The Bachelor of Science in Civil, Electrical, and Mechanical Engineering requires 132-semester units. Major requirements including mathematics, chemistry, and physics prerequisites are 99 units, 51 of these units are at the lower division and 48 units at the upper division. The remaining 33 units satisfy the balance of the university requirements including communication skills and general education in humanities and social sciences. Students are advised that all courses which are to be counted toward completion of an engineering degree must be taken for a letter grade; the CR/NC option may notbe used in this context.

Recognizing the need of the professional engineer to participate in facets of problem solving that extend beyond technical and economic considerations, the General Education requirement for engineering students includes 33 units in courses other than mathematics, natural sciences, and business. For a typical student, this requirement will be satisfied by proper course selection within the General Education requirements of the university. Students should inquire at the School of Engineering office about the approved General Education requirements for engineering majors.

Courses are scheduled during the day as well as in the late afternoon and evening. Other information and assistance in selecting courses can be obtained from a major adviser in the School of Engineering or by calling 415/338-1174 or by writing: School of Engineering, San Francisco State University, Science Building, 1600 Holloway Avenue, San Francisco, CA 94132.

Courses for these program are listed in alphabetical sequence (consult Index for page reference).

BACHELOR OF SCIENCE IN CIVIL ENGINEERING

The curriculum provides a broad-based common core of engineering science and the essential civil engineering subjects. The students conclude with fourteen units of electives where primary emphasis is placed on design, practical applications, and computer solutions in selected areas of civil engineering.

The number of units required for graduation and the General Education requirements are described elsewhere.

Units

Sample Sequence of Courses

First Semester

CHEM 111	General Chemistry I		5
MATH 226	Calculus I		4
ENGR 101	Graphics and Design		2
ENG 114	First Year Written Composition		3

United States History or Government course		3
Total		17

Second Semester

MATH 227	Calculus II			4
PHYS 220/222	General Physics with Calcu-
lus I and Laboratory (3/1) 4
ENGR 103	Introduction to Computers		1
G.E. Elective		3

Oral Communication		3
Total		15

Third Semester

MATH 228	Calculus III			4
PHYS 230/232	General Physics with Calcu-
lus II and Laboratory (3/1) 4
ENGR 102	Statics		3
ENGR 200	Materials of Engineering		3

ENG 214	Second Year Written Composition		3
Total		17

Fourth Semester

MATH 245	Elementary Differential Equations 
and Linear Algebra 3
PHYS 240/242	General Physics with Calcu-
lus III and Laboratory (3/1) 4
ENGR 201	Dynamics		3
ENGR 205	Electronic Networks		3
ENGR 206	Electronic Circuits and Instru-
mentation 1

Core Elective		3
Total		17

Fifth Semester

ENGR 300	Engineering Experimentation		3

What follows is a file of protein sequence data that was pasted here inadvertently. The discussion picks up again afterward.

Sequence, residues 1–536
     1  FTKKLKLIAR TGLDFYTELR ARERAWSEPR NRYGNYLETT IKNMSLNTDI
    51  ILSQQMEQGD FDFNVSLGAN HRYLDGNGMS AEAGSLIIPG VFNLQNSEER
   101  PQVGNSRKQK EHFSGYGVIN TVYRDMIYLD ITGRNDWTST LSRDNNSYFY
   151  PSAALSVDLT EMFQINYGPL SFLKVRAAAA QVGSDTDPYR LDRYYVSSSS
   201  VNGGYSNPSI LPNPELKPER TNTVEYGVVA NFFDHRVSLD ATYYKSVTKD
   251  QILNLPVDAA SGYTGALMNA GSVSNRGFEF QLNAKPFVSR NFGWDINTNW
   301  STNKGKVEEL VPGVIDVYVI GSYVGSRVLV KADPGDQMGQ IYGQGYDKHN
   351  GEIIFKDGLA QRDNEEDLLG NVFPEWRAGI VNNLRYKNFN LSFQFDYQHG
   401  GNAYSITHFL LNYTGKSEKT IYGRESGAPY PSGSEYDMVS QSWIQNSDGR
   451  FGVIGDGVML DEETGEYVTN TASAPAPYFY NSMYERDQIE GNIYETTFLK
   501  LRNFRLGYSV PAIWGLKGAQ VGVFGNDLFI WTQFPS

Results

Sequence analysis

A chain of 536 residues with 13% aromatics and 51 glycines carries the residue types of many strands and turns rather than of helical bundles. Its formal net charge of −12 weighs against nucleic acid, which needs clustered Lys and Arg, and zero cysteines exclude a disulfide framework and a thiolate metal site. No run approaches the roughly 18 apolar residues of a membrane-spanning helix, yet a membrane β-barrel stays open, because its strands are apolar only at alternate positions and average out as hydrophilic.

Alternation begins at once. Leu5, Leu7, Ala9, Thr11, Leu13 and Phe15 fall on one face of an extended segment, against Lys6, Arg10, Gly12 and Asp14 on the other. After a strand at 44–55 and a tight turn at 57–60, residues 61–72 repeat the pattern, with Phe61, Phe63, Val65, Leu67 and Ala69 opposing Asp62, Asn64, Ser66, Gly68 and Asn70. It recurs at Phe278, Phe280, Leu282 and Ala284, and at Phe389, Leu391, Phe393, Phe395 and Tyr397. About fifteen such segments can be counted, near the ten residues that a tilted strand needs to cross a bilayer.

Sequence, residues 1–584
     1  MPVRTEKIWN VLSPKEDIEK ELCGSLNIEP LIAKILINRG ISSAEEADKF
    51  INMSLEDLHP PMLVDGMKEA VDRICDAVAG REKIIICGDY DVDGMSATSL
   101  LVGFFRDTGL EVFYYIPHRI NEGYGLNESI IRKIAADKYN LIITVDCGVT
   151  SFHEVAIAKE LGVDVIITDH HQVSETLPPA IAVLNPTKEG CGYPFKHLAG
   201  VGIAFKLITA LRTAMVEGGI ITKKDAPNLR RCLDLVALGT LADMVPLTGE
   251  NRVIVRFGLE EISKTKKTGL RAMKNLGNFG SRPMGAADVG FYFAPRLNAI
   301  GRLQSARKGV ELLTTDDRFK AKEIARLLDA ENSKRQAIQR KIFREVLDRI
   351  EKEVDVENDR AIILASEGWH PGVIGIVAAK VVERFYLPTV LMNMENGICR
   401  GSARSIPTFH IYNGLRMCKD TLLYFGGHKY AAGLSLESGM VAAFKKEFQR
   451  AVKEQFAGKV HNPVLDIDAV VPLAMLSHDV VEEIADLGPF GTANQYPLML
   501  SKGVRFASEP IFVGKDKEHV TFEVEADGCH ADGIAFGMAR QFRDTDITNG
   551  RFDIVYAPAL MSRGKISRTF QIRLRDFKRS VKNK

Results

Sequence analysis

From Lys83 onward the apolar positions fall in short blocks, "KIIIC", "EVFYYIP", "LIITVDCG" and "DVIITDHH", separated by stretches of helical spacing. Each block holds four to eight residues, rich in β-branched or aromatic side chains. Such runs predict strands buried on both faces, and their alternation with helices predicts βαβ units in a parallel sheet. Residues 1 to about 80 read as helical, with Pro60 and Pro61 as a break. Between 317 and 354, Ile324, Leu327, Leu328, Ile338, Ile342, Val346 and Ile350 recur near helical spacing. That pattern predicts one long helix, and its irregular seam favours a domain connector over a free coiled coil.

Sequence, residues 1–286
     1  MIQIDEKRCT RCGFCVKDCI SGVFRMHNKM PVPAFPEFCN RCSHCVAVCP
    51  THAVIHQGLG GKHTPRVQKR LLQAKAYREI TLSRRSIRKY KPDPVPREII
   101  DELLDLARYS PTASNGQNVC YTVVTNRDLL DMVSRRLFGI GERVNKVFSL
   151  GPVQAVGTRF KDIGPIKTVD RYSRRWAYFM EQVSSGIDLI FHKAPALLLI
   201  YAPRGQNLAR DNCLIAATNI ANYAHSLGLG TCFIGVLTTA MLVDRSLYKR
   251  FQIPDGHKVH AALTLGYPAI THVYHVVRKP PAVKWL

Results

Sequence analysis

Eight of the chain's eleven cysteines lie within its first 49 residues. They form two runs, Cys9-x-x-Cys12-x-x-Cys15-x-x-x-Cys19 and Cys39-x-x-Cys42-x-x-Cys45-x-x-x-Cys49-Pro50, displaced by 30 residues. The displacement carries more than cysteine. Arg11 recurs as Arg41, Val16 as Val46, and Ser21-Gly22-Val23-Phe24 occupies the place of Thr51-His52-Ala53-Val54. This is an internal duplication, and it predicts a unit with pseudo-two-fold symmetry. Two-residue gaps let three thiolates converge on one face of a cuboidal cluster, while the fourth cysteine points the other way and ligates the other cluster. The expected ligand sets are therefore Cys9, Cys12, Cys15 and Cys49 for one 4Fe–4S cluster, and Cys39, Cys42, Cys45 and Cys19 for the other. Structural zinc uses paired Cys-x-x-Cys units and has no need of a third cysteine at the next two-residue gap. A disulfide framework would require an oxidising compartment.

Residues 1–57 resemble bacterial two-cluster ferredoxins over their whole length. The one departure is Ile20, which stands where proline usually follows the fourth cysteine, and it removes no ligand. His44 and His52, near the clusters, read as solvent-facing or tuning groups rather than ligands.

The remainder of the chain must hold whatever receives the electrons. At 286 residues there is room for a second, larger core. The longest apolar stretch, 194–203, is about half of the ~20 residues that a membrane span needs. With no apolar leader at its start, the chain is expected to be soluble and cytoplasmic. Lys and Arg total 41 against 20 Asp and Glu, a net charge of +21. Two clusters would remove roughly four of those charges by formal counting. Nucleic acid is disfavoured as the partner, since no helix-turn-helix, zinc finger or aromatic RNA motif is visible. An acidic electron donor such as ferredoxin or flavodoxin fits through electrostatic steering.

ENGR 303	Engineering Thermodynamics		3
ENGR 309	Mechanics of Solids		3
ENGR 335	Surveying and Highway Design		3

G.E. Electives		6
Total		18

Sixth Semester

ENGR 302	Experimental Analysis		1
ENGR 304	Mechanics of Fluids		3
ENGR 308	Computer Methods in Engineering		3
ENGR 323	Structural Analysis		3
ENGR 430	Soil Mechanics		3

G.E. Elective		3
Total		16

Seventh Semester

ENGR 305	Systems Analysis or
Approved engineering/technical elective		3
ENGR 434	Sanitary and Environmental 
Engineering 3
ENGR 696	Engineering Design Project		1
Engineering Electives		6

G.E. Elective		3
Total		16

Eighth Semester

ENGR 697	Engineering Design Project		2
Engineering Electives		5
Technical Elective		3

G.E. Electives		6
Total		16

Upper Division Electives

Choice of upper division electives must present a clearly identifiable educational objective and ensure that the program requirements in engineering science and design are met by all students. Distribution of credit units among engineering science and design is given in the Advising Guide. A study plan of intended upper division electives must be approved by the student's adviser and the program coordinator of Civil Engineering prior to the seventh semester of the engineering program.

A total of fourteen units from the following list of courses is required, subject to the minimum number of units specified for each group.

Engineering Electives (11 units)

ENGR 425	Reinforced Concrete Structures
ENGR 426	Steel Structures
ENGR 428	Applied Stress Analysis
ENGR 429	Topics in Construction Engineering
ENGR 431	Foundation Engineering
ENGR 432	Finite Element Methods
ENGR 461	Mechanical and Structural Vibrations
ENGR 468	Applied Fluid Mechanics and 
Hydraulics
ENGR 698	Engineering Seminar (1-3)
ENGR 699	Special Study in Engineering (1-3)
Selected graduate course upon approval

Technical Electives (3 units)

GEOL 430	Structural Geology (4)
GEOL 474	Engineering Geology and Hydrology
GEOL 476	Soils Geology
GEOL 485	Geophysics
MATH 340	Introduction to Probability
CHEM 380	Chemistry Behind Environmental Pollution
BA 601	Applications of Operations Research

Core Elective

The Core Elective must be chosen from one of the following courses.

CHEM 113	General Chemistry II
MATH 250	Probability and Statistics
CSC 210	Introduction to Computer Programming
GEOL 110	Physical Geology
BIOL 210	General Microbiology and Public Health

BACHELOR OF SCIENCE IN ELECTRICAL ENGINEERING

The required upper division courses provide a broad and basic understanding of the main fields in electrical engineering. Upon advisement, each student may choose an area of specialization in the senior year in communications, computers, electronics, robotics, or power systems engineering.